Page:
LOS ANGELES -- While the Dodgers claim their approach in facing Barry Bonds is precise and planned, the steroids awareness clinic they held for 100 Little Leaguers in center field before last night's game against Bonds and the Giants was a "complete coincidence," according to Dodgers spokesman Josh Rawitch.
The clinic, which included former Red Sox third baseman and current Dodgers hitting coach Bill Mueller and center fielder Juan Pierre outlining the dangers of steroid use, was supposed to take place in late June, but a conflict with the Taylor Hooton Foundation, a sponsor, meant it fell on the same day Bonds, who is suspected of using steroids, was in the ballpark.
A couple of Giants players noted the "coincidence" and rolled their eyes. Bonds, who didn't arrive at the ballpark until about 5 p.m. Pacific time, did not speak to the media before the game.
None of the Dodgers would elaborate on the subject, Pierre saying, "Staying away from that one." But they were certainly proud of how they were able to deny Bonds career home run No. 755, which would tie Hank Aaron for the all-time lead.
"To be honest, we pitch to him," said Dodgers manager Grady Little before a 4-2 loss to the Giants. "We treat him with the respect that he deserves as one of the greatest players to play in the game. We really go at-bat to at-bat. We go matchup to matchup and you hope your pitchers are pitching him according to the plan.
"We've done a very good job with him. But the secret to pitching to Barry is you've got to get the hitters around him out because you don't want him coming up with runners on base. Look at what happened [Wednesday] night -- [Omar] Vizquel killed us [with three hits]."
Last night, there was more frustration for Bonds. He went 1 for 2 with a walk in his first three plate appearances. He walked against Brett Tomko in the first inning, when the Giants scored three times, singled to right field in the second, and fouled out to the catcher in the fifth. In the seventh inning, the ultimate frustration. With newly acquired fastball pitcher Scott Proctor on the mound and Vizquel at second, Little ordered an intentional walk. That ended Bonds's night, Fred Lewis entering the game as a pinch runner.
Bonds is 5 for his last 37 (with one homer and four RBIs), and 1 for 20 in his last six games against the Dodgers. Over his career, Bonds has hit 64 home runs against the Giants' fiercest rivals.
On Wednesday night, 6-foot-10-inch lefthander Mark Hendrickson threw an array of breaking pitches to Bonds, which is normally a sign he is not being challenged. But that's Hendrickson's style.
"To do well against Barry, you have throw all of your pitches," said Dodgers bench coach Dave Jauss. "He's a great hitter, so you have to pitch. You just can't challenge him with fastballs and hope to blow it by him. We're talking about a great hitter here. But you have to pitch him like you would anyone else. You have to attack his holes and weaknesses and even then there's a chance he's going to beat you because he's such a great player."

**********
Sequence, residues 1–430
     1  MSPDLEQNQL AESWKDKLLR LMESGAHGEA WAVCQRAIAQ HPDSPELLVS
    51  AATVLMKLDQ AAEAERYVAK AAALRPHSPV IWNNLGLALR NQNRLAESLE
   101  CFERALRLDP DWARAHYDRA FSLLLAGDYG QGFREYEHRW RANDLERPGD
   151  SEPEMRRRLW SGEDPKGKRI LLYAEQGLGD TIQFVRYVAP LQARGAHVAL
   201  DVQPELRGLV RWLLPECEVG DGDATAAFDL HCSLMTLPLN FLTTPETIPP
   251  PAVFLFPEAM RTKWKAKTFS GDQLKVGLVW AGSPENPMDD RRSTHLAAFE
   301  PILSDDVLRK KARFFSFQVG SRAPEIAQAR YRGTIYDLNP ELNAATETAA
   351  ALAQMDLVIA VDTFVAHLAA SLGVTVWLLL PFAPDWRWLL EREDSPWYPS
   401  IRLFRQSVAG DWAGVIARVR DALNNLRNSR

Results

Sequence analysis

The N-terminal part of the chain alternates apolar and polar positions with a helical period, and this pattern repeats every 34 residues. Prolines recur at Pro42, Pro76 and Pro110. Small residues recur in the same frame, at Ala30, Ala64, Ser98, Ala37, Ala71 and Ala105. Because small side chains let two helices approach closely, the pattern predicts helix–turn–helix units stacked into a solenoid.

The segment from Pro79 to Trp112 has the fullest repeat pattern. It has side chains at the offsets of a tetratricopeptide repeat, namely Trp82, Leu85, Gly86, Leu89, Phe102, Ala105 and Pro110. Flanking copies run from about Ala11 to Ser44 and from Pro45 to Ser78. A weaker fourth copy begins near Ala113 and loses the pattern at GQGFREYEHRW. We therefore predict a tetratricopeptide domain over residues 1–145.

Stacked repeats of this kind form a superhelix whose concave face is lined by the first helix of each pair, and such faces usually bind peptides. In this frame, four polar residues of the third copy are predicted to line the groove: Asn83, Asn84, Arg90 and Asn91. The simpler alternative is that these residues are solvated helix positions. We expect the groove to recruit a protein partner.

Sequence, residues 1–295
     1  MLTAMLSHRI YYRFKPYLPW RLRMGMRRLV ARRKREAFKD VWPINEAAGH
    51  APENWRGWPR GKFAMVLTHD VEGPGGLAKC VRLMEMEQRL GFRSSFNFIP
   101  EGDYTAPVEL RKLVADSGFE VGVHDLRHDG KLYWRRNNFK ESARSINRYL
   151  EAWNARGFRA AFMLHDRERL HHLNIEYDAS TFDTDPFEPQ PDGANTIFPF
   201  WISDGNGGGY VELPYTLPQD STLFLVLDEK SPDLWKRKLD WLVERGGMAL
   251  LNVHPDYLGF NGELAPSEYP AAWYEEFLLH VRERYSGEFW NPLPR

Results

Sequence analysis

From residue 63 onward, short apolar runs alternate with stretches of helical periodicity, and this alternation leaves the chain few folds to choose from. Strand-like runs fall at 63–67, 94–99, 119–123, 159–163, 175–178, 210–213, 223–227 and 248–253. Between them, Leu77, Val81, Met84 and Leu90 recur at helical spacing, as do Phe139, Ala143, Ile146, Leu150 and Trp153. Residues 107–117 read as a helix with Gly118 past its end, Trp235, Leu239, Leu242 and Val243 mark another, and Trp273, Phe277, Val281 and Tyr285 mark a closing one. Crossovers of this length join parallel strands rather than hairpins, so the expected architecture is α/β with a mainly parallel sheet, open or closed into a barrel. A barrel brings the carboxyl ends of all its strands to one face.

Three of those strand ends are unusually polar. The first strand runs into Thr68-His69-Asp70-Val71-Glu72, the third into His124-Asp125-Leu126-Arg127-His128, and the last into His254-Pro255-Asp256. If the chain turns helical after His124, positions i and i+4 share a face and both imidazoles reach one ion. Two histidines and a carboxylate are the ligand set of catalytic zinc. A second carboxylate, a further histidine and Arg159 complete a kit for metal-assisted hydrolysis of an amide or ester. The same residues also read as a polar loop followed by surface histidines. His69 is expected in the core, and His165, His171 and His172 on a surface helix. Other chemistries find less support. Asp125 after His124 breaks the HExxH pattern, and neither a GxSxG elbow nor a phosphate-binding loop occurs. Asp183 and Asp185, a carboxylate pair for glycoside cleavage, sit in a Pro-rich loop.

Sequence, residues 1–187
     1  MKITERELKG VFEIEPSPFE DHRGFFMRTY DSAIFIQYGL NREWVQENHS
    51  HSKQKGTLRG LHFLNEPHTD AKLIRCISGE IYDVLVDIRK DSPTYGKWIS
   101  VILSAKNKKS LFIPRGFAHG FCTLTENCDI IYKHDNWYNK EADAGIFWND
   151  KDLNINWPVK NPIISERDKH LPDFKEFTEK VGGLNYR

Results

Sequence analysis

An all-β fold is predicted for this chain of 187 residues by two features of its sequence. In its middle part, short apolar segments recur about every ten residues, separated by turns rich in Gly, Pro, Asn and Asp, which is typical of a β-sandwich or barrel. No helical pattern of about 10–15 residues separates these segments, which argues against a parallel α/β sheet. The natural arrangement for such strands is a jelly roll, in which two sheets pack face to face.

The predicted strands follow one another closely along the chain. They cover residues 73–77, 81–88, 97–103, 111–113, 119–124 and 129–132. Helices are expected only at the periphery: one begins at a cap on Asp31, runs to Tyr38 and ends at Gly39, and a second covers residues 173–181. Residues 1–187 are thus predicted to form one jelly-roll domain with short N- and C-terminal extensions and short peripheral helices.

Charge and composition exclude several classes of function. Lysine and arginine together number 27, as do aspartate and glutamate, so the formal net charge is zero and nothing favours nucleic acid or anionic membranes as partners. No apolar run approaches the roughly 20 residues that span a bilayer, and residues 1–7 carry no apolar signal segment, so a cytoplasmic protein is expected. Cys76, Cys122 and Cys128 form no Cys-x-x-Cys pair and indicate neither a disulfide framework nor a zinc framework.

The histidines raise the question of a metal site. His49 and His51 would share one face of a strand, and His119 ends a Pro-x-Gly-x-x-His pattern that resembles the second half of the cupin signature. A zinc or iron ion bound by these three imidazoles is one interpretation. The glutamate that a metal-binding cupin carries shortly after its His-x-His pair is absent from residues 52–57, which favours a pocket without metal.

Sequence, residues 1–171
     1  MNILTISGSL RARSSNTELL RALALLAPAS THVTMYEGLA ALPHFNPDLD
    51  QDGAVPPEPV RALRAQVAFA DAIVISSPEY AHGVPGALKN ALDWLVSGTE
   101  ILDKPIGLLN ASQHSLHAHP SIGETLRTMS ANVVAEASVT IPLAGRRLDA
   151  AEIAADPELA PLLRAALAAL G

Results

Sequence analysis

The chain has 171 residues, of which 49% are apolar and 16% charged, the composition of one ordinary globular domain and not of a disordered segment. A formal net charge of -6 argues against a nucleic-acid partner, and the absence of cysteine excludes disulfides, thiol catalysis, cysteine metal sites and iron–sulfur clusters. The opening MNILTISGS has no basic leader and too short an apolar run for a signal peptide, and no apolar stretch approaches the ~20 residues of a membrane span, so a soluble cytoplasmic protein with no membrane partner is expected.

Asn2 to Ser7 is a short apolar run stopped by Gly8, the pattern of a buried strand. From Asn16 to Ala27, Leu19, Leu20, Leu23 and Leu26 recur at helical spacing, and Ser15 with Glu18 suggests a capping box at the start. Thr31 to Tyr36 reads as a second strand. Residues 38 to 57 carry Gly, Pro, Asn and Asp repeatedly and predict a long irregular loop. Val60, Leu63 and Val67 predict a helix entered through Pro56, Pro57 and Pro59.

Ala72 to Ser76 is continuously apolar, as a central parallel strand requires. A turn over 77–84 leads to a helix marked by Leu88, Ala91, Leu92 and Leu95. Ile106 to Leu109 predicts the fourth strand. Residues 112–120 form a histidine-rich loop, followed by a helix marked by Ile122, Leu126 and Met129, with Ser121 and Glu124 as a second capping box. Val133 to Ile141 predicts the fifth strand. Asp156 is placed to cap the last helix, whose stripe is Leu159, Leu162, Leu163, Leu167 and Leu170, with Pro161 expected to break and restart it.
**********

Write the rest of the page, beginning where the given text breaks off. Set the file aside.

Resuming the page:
In Bonds's last at-bat Wednesday night, Little elected hard-throwing righthander Jonathan Broxton to pitch to Bonds with a runner at third base. Broxton fell behind on the count, 2 and 0. At that point, Little ordered an intentional walk. The move backfired when Bengie Molina followed with a single, but the Dodgers won the game anyway, 6-4, thanks to Nomar Garciaparra's two-run homer in the eighth.
"I didn't want him to beat my big boy on the mound at that point," Little explained. "So we tried to make a couple of pitches. I didn't like the way it looked so I decided I'd take my chances with the righthanded hitter. You've got to be smart about it, too. You don't want him to get the hitter's count because then he can do some damage on you. We're trying to win ballgames right now. I know the record is on everyone's mind, but from our point of view we're trying to pitch to him so he won't beat us."
Derek Lowe feels the key is to forget that he's Barry Bonds and attack him as you would any other power hitter. He said Dodger pitchers have followed the scouting reports.
"Listen, he's a dangerous guy. We all know that," said Lowe. "But we can't just focus on one guy. He'll hurt you more if you get guys on base and then he's up there in a big spot. That's what you want to avoid."
Bonds is hitting .273 with 20 homers and 49 RBIs. He is 1 for 7 on the road trip. He has been taking a lot of pitches and getting few swings.
One Giants coach seemed irked of talk Bonds was in a slump. He said, "He's not in a slump. Can you imagine what it's like for him and the pressure that's on him right now to hit a home run every time he steps to the plate? I think that's lost in all of this. You're expected to perform at a high level every time you go out there. That's a given. But then add the fact that everyone wants you to hit a home run."
Perhaps not everyone.
Dodgers fans had derived great pleasure from Bonds not going deep yet in the series. Lowe feels the fans are sending mixed signals. "They boo when he comes up but then they boo us when we walk him," he said. "Maybe they should just admit they want to see him hit a home run."
There is truth in Lowe's words. Ballparks have been sold out at every stop during the Bonds watch. While fans like to give Bonds grief, they also want to be able to tell everyone they were there when Bonds broke the home run record.
The Dodgers avoided the real "clinic" -- Bonds tying or breaking the record on their soil. That's another clinic they were glad to reschedule.
Nick Cafardo can be reached at firstname.lastname@example.org.